The Charlie Hebdo massacre in Paris was a watershed moment in the war on terrorism in two ways. First, it’s almost impossible to pin the murders on anything but blind adherence to religious faith. The murderers, like many Muslims, believed that making fun of or even depicting their prophet Muhammad is a capital offense. Why else would the terrorists target Charlie Hebdo instead of, say, French government offices? The religious motivation directly contradicts the many apologists who blame Islamic terrorism on the West as a reaction by the oppressed to colonialism. What has changed with this tragedy is people’s willingness to recognize that religion really does make people do terrible things.
We are experiencing a historic clash between two tenets of liberalism: multiculturalism and Enlightenment. Absorbing immigrants can enrich a society in many ways, but not if those immigrants demand a public deference to their religion that conflicts with democratic values.
I’m referring in particular to free speech: the right to criticize or make fun of anything so long as you’re not directly inciting violence. For exercising that right, 10 members of the Charlie Hebdo staff were exterminated. Not all Muslims, of course, riot or kill when Muhammad is defamed or depicted, but the view is sufficiently common that the West has finally woken up to what it means for democracy.
One would think that Catholicism, a largely Western institution, would share the solidarity among enlightened people prompted by what happened in Paris. Wrong. Pope Francis, the voice of the Vatican, has pronounced that free speech should be limited: that while satire and mockery can’t justify murder, they shouldn’t go too far—by which the Pope means that criticizing religion should be off limits.
On a trip to the Philippines this week, Francis, after decrying “murder in the name of God,” carefully delimited how far magazines like Charlie Hebdo should go: “One cannot provoke, one cannot insult other people’s faith, one cannot make fun of faith.”
Then, punching the air, he made an implicit comparison between the “offensive” behavior of those who satirize religion and those who would insult his mother.
“If Dr. Gasbarri, a great friend, says a swear word against my mother, then a punch awaits him,” Francis said. “It’s normal, it’s normal.”
Leaving aside whether the Pope is ignoring Jesus’s advice to turn the other cheek, the comparison between satirizing religion and insulting one’s mom is ludicrous. The cartoons of Charlie Hebdo, and other mockery of religion (the magazine has made fun of all faiths, including Catholicism), are meant not to insult religious people or designed only to give offense, but to bring attention to the harmful effects of faith. The magazine, for instance, often called out the Vatican for mishandling the epidemic of child rape by priests.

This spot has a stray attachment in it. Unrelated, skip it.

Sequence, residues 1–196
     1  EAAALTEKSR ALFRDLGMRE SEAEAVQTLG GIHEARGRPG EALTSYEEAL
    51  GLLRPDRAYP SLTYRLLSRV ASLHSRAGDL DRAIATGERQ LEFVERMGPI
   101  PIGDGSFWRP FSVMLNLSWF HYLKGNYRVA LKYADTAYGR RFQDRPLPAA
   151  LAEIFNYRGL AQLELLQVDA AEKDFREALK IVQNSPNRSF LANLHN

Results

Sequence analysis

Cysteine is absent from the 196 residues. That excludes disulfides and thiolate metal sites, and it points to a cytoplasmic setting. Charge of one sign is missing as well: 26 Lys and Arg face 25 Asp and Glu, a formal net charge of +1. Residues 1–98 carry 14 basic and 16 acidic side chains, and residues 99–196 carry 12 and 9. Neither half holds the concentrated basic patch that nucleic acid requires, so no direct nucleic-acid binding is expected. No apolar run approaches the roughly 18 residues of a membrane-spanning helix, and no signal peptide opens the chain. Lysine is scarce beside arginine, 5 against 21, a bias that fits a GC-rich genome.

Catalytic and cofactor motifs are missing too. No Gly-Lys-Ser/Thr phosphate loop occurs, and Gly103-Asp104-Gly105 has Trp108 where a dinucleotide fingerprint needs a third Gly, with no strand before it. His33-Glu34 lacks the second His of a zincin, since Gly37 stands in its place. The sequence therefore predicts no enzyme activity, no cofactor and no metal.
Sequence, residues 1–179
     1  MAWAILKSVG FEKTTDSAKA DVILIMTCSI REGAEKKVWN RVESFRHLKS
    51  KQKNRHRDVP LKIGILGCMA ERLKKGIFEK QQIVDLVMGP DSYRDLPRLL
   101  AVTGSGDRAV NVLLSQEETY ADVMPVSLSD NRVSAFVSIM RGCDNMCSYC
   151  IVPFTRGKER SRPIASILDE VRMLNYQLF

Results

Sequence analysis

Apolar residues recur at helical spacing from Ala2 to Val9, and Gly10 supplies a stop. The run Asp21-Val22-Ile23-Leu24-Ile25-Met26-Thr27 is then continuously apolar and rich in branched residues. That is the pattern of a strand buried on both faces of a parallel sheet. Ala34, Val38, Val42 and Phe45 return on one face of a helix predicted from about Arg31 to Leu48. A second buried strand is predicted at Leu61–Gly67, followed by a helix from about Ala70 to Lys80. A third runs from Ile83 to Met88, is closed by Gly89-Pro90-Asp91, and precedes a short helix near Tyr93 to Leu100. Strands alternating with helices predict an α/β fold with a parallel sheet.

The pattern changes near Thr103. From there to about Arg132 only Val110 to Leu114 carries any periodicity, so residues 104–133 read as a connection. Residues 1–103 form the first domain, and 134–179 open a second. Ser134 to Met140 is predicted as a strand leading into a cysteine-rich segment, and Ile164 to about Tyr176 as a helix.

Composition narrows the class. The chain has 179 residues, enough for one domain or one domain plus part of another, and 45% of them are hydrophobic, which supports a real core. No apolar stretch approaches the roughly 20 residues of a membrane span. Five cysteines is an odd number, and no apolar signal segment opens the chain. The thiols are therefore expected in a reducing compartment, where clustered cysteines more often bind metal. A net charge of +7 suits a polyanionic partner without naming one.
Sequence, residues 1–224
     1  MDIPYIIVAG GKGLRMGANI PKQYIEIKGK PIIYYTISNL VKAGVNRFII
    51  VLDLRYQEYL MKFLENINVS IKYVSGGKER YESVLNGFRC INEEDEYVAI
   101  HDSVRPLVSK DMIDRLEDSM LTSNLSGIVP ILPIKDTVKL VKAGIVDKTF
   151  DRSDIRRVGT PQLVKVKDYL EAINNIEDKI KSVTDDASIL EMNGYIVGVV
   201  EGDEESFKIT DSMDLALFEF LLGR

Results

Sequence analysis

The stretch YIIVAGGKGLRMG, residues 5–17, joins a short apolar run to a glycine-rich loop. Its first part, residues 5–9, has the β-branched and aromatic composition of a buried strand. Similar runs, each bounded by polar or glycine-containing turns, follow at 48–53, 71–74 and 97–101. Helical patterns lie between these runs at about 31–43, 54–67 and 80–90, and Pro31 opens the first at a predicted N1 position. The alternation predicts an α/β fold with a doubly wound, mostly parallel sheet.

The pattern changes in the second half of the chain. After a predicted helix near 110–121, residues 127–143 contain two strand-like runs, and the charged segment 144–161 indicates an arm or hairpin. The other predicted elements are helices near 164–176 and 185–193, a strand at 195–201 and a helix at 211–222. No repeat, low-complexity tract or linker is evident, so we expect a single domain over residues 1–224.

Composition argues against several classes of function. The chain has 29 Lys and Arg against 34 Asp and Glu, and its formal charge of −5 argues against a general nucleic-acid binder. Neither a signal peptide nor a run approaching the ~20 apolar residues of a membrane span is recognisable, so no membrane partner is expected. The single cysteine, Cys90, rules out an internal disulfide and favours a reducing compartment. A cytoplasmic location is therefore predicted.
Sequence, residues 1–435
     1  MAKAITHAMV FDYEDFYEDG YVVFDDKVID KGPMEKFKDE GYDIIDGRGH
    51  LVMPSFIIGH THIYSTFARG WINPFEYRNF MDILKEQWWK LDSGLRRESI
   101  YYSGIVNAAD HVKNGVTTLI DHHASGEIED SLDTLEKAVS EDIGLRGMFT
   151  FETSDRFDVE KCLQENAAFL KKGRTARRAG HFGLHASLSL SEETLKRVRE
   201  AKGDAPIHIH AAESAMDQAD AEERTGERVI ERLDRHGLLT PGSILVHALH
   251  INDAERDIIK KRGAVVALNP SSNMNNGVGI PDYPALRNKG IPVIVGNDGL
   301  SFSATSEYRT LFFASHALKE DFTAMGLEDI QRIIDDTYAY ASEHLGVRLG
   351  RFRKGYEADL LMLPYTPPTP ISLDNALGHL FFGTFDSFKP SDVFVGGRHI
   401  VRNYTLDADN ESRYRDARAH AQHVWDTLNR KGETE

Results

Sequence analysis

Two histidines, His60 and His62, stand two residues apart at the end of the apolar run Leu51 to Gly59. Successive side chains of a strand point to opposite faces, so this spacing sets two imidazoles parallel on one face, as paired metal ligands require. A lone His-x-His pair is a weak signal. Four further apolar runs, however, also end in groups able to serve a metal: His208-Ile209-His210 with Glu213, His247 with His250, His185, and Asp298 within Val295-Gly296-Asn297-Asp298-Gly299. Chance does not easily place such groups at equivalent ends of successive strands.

Charlie Hebdo wasn’t calling Muslims names; it was calling Islam names, and it’s time that everyone, including Pope Francis, grasped the difference. Insulting people is different from criticizing their beliefs, even if the latter leads to the former. Just as political views can cause harm, so can religious views, and to argue that religion is off limits while politics is not is to confer on faith an unwarranted privilege.
People are starting to realize this, as seen in the many marches and shows of solidarity all over the West, and in the declarations by some Muslims that the right of satire should also apply to Islam. A new poll by YouGuv found that 63 percent of Americans believe that it’s more important to protect free speech than to “protect the dignity of sincerely held religious beliefs,” while only 19 percent held the reverse view.
But in a world friendly to religion, this realization still comes hard. Many media outlets, showing deference to faith, still refused to reprint the touching cover published by Charlie Hebdo after the massacre; the cowardly venues included the BBC, the Telegraph, NBC News, the CBC, and Sky News. Others, like Bill Donohue, president of America’s Catholic League, argued that “Muslims are right to be angry” about the cartoons, coming perilously close to excusing the Charlie Hebdo murders and, like Pope Francis, showing a distressing convergence between Muslims and Catholics in their claimed right to not be mocked. Even the student newspaper at my own university argued that, “While it is important for students to challenge each other’s opinions, this should not come at the expense of students’ mental well-being or safety.”
Safety, yes; mental well-being, no. The price of coddling tender minds offended by disagreement is the dissolution of democracy. For free speech, which includes the right to mock or excoriate views we find offensive, is the arsenal of democracy, and satire one of its most effective weapons. That weapon can sometimes backfire, as we discovered last week. But capitulation to “hurt feelings” will in the end erode the very rights that make the West such a magnet for immigrants. And there is one “right” we shouldn’t have. As Salman Rushdie, who has suffered for decades from the deadly censorship of radical Islam, once said, “Nobody has the right to not be offended.”